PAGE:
Three contractors have filed liens against President-elect Donald Trump’s showcase Washington, D.C., hotel, claiming they are owed $5 million in labor costs, according to records.
The so-called mechanic’s liens were filed against the 263-room, five-star Trump International Hotel in November and December with the District of Columbia, according to records obtained by Bloomberg and The Washington Post. Trump has boasted that he completed the $212 million renovation ahead of time and under budget.
A statement from the Trump Organization to the Post did not specifically address the merits of the filings, only that “nominal liens at the conclusion of construction is not uncommon as part of the close out process.”
Trump, who campaigned as a champion of the American worker, was criticized during his presidential race for his long history of refusing to pay or only partially paying blue-collar workers and small-business contractors. He claimed that he was justified because some of the work was subpar — though he occasionally rehired the same contractors for later projects. He also told The Wall Street Journal that even if work was “OK, sometimes I cut them.” Trump companies also dodged payments to hundreds of workers and vendors by filing for bankruptcy protection six times since 1991.
Some of his contractors have said they were forced out of business because of unpaid Trump bills.
In the Trump International Hotel liens, Washington plumbing and heating firm Joseph J. Magnolia Inc. says it’s owed $2.98 million, and Maryland company AES Electrical Inc. has filed a $2.075 million lien. A&D Construction of Virginia says Trump International has failed to pay $79,700 for installing base and crown moldings, according to records.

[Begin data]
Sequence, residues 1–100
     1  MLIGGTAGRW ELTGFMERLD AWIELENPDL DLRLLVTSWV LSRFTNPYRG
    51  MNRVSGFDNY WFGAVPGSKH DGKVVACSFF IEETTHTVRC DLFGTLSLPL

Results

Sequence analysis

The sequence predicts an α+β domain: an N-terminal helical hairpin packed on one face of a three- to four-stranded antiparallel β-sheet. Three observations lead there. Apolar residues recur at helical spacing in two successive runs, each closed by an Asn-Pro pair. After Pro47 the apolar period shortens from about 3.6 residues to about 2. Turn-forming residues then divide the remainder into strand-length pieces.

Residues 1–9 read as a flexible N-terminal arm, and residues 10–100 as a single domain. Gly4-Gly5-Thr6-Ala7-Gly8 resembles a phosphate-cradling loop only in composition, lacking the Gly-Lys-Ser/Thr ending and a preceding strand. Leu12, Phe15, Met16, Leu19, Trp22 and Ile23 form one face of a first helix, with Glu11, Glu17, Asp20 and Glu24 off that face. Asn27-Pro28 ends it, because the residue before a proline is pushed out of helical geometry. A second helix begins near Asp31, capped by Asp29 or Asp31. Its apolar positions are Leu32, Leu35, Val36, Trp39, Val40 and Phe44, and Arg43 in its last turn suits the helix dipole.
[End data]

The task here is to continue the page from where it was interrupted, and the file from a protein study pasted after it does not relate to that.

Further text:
Magnolia worked on the Trump hotel for more than two years and “completed all plumbing, mechanical, HVAC [heating and air conditioning] along with site sewer, water, storm and water services” on the project, according to its filing with the D.C. government, The Washington Post reported.
Company owner John Magnolia told the newspaper in an interview that he voted for Trump, but he’s worried the final payment might not be made if the hotel changes hands before the inauguration to resolve ethics concerns.
“We’re kind of working through that right now,” Magnolia told the Post, referring to the millions still owed. “Unfortunately, Mr. Trump and Ivanka and so forth, they are, I guess, preoccupied by other matters now. They are trying to go run the country. So we’ll just see what happens.”
An attorney for the Hispanic-owned A&D Construction said the company is a small operation that needs the money it’s owed, but it has not heard back on its requests for payments even after filing the lien.
“I have not heard from anyone. My client is a small-time operator, so he does not have deep pockets,” attorney Richard Sissman told the Post.
If the liens aren’t resolved, lawsuits can be filed 180 days after the liens.
The hotel, on the site of the city’s former historic post office, is leased from the federal government. Ethics watchdogs and Democrats have called on the president-elect to give up his financial stake in the building, citing lease terms prohibiting elected officials from receiving benefits from it. In addition, the emoluments clause in the U.S. Constitution prohibits elected officials from accepting benefits from foreign powers. Trump has pointedly encouraged visiting dignitaries to book rooms in his hotel.